Fog and art: around 1900, they went hand in hand. Oscar Wilde took fog as proof that art can alter our perceptions. "Where, if not from the Impressionists, do we get those wonderful brown fogs that come creeping down our streets...? There may have been fogs for centuries in London. I daresay there were. But no one saw them, and so we do not know anything about them. They did not exist till Art had invented them."
Going further, the psychologist Edward Bullough saw fog as an object lesson in how art works. When a fog descends, it introduces "psychical distance" between us and the world around us. "Blurring the outline of things and distorting their shapes into weird grotesqueness", fog lets us stand back from our experience. We view things "with the marvelling unconcern of a mere spectator". It makes the world like art.
But behind these fogs hangs the art of Claude Monet. His paintings are filled with river vapour, city smog, morning and evening mist. His series of Rouen Cathedral offers more than 30 views of the façade in different lights and different blurs. Rouen Cathedral: The Portal, Grey Weather is one of the more blurry depictions. What does Monet see in mist?
It transforms, of course: "blurring the outline of things and distorting their shapes into weird grotesqueness" isn't a bad description of what happens to the Gothic sculptings and tracery. Losing definition, dispersing, the architecture becomes more fluid, organic. Rouen Cathedral could be metamorphosing into Gaudi's Sagrada Familia in Barcelona. It's dematerialising, too. The stone front looks like a ghost of a skeleton.
The blurring is assisted by the cropping. Monet frames the building close. He cuts off its edges, hardly showing any profile, except a little at the top. He cuts off the ground. We don't see the cathedral as a distinct object with a shape. It becomes a screen that fills the picture's field. We see it as an optical phenomenon, a looming vision or projection, hovering somewhere or other before our eyes.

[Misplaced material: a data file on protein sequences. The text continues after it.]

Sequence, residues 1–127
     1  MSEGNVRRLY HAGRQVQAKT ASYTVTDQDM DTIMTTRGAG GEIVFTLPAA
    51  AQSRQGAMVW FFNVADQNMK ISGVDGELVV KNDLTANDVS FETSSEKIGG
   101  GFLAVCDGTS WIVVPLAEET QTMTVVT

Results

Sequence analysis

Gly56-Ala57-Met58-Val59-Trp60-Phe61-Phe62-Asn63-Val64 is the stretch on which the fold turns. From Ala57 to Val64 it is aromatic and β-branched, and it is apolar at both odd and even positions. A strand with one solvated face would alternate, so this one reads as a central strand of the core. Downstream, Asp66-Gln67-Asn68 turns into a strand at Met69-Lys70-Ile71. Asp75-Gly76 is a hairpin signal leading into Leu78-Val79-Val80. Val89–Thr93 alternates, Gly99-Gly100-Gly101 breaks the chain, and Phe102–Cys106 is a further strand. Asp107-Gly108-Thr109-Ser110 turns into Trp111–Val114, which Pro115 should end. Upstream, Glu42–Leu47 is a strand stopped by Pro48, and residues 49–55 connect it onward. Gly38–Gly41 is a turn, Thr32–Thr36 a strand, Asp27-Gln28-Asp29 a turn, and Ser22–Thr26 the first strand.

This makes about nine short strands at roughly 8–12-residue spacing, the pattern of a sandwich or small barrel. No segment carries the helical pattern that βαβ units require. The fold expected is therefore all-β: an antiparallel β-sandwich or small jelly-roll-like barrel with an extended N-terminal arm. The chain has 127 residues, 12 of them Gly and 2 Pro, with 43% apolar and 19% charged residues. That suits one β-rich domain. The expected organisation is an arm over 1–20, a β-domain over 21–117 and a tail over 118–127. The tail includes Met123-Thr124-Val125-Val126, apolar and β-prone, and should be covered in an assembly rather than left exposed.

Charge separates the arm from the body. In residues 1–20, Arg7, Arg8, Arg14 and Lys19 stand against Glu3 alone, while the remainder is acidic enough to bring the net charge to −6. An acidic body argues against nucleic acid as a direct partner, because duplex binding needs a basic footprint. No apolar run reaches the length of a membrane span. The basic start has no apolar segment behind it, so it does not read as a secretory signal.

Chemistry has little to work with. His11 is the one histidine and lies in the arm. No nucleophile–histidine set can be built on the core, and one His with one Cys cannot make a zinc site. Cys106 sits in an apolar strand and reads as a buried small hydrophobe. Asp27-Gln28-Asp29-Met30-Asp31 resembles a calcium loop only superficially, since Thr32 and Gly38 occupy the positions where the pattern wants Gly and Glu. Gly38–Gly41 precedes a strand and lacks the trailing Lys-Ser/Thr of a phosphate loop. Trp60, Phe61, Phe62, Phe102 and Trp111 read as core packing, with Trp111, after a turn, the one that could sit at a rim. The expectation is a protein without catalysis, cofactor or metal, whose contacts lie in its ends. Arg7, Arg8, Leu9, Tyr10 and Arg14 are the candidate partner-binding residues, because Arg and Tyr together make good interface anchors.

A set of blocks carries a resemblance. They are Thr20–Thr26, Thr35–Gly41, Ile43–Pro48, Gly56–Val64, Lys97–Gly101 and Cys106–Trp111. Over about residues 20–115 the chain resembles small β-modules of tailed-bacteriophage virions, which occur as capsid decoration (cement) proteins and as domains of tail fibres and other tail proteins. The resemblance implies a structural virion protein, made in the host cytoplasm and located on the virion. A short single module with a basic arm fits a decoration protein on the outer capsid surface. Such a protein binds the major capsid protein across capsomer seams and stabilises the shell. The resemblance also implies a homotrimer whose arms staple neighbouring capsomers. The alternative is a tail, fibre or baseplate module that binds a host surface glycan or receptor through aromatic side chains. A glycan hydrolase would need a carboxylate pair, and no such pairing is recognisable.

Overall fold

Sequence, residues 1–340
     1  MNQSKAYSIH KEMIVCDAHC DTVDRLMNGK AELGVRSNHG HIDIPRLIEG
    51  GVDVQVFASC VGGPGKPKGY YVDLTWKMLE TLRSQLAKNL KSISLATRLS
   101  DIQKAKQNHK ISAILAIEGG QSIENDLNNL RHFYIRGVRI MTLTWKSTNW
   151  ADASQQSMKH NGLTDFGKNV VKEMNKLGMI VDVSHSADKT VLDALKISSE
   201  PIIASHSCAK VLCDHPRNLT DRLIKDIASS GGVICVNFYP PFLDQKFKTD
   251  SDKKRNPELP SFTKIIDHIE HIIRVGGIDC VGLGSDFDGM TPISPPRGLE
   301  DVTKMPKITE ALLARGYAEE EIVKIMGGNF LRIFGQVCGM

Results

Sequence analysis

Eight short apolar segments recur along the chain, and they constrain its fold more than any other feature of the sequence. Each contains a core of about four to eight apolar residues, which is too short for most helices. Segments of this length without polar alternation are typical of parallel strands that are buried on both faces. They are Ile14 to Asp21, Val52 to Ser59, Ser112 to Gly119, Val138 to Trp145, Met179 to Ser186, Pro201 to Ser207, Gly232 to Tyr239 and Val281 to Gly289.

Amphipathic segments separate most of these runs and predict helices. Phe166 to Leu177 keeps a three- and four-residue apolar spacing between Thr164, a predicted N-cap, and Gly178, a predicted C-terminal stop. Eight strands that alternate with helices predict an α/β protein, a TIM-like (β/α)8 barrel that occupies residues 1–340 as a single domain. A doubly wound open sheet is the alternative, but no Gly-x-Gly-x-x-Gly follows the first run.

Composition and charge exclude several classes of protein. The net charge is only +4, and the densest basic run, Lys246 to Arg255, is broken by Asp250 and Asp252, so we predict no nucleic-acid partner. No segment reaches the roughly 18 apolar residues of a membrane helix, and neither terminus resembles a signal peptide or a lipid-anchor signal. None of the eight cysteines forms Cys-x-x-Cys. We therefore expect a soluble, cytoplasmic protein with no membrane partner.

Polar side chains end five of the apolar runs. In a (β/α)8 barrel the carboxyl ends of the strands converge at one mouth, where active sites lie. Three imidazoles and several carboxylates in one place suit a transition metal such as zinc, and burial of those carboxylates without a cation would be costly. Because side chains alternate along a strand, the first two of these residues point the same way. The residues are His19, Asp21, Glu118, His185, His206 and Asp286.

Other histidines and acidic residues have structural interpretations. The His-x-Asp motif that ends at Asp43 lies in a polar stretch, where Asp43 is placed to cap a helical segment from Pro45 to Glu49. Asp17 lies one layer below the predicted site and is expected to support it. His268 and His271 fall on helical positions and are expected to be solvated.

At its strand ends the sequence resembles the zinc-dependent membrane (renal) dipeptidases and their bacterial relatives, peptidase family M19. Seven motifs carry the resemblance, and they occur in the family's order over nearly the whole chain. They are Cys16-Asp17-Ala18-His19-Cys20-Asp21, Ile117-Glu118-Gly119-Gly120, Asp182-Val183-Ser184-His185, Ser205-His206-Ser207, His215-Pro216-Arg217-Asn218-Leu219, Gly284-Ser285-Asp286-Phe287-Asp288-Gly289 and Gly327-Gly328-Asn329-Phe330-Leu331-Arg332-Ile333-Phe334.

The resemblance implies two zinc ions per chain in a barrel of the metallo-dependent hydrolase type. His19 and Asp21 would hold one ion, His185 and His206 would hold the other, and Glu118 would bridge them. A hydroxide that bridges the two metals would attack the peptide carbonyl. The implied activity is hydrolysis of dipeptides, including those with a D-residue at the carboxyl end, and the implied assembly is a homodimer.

Through blur and crop, we lose distance. The cathedral isn't something over there, viewed across an interval of space. It's a sight that comes right up to our eyes. Or rather, the sight is not the cathedral. It's the cathedral-in-mist, and the mist that envelops the building envelops the painter, too. Monet's painting is in the thick of it. The canvas itself seems to have been painted through mist, its pigment obscured and condensing with its vapour. The picture is enfolded and infiltrated by its subject.
Monet goes beyond Wilde or Bullough. This is not fog-appreciation. It's not psychological detachment. He's using painted mist as a medium to dissolve the difference between the perceiving self and the perceived world.
About the artist
Claude Monet (1840-1926) created a name. His 1873 painting, 'Impression: Sunrise', baptised a movement. His art's stress was increasingly on the artist's own sensory equipment. He painted like a man who can hear bats, attuned to remote frequencies of perception. He can see colours and contrasts and radiances that most people can't.